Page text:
(Not) By Andrew Walker
BBC economics correspondent in Satanville
Animated, flesh-hungry corpses from the
Group of 8 major powers (G8)
say that although some
torch and pitchfork-wielding peasant
mob risks have receded,
they still face major challenges in fullfilling
their daily organ intake requirements.
Mr. Snow mentally undresses Mr. Eichel's cranium
But the statement issued after a
meeting in Deauville (Satanville)
in northern France did not refer to the recent
decline of the US dollar, which
economists say presents a
serious problem for some
members of the group.
Two major worries about the global economy have eased in
The situation in Iraq no longer casts the shadow over
decisions that it did in the run up to the war.
And there are signs of the Sars illness which originated
With the end of the war and the abatement of Sars, there
are fewer reasonably priced
fresh bodies available on the black market for the ghouls to appease
their unholy hunger with. But the currency markets are creating new
challenges, which the
ghouls' statement did not go into.
"Additionally, the less volatile business market means that there are
executives and stock brokers leaping from windows and leaving their
succulent bodies to eat. I mean, to science. Right. Science," said
Finance Minister Hans Eichel.
"I would like to remind everyone to fill out their organ donor
cards," he added.
The recent decline in the dollar has undermined the
competitiveness of exporters in other important economies,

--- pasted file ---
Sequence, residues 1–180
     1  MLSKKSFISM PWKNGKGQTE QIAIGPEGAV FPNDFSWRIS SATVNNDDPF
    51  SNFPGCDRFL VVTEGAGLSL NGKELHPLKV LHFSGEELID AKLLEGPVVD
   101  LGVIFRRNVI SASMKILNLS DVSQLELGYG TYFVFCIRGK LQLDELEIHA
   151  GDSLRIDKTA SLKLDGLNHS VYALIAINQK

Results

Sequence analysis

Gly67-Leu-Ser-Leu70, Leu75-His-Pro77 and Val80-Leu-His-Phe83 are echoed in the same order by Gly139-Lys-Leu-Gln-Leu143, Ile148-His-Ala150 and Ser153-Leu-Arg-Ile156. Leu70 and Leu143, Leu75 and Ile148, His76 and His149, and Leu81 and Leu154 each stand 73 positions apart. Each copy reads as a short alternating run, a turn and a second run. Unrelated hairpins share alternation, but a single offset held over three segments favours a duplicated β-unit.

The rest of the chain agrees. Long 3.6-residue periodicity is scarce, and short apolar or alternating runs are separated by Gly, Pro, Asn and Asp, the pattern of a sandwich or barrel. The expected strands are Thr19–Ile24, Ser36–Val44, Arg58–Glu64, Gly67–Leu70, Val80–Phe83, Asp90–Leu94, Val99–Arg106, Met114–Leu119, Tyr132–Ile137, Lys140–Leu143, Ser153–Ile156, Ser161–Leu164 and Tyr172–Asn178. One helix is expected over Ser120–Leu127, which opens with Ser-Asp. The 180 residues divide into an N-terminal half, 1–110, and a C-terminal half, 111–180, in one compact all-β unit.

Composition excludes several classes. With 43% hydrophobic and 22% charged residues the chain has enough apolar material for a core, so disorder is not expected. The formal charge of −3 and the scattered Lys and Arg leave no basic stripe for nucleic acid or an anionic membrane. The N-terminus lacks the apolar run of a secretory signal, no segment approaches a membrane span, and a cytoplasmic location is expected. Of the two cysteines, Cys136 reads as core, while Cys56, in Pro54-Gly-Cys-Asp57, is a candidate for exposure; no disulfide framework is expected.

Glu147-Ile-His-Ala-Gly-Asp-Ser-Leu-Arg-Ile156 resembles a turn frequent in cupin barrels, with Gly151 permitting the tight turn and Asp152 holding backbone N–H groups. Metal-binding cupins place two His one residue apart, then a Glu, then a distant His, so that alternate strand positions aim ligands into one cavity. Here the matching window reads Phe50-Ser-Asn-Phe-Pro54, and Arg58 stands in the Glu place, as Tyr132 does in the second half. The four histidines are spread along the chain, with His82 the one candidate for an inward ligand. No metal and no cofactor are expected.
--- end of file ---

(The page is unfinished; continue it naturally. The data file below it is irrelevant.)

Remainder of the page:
notably Germany and Japan, two countries that were in
But many believe it rather suits the US, because a weaker
makes American organ-harvesting more competitive.
It is a rather curious omission.
In previous decades, currency market intervention and the
consumption of live infants in various sauces was
sometimes the main action to come out of these finance
This time, according to the US Treasury Secretary John
currency issues were not even a major item of discussion.
"Braaaaains!" stated Snow.
Mr Snow also said there was a recognition that Iraq would
able to make any payments on its debts before the end of
year. "But they have so many delicious, healthy,
braaaaains." he concluded.
Some US officials have been encouraging countries owed
by Iraq to forgive it, on the grounds that the loans were
for the benefit of the country's population nor to extract
their brains, kidneys,
and livers for storage and future export.
Three members of the G8 - Russia, France and Germany, who
opposed the war - are owed substantial numbers of internal
organs by Iraq.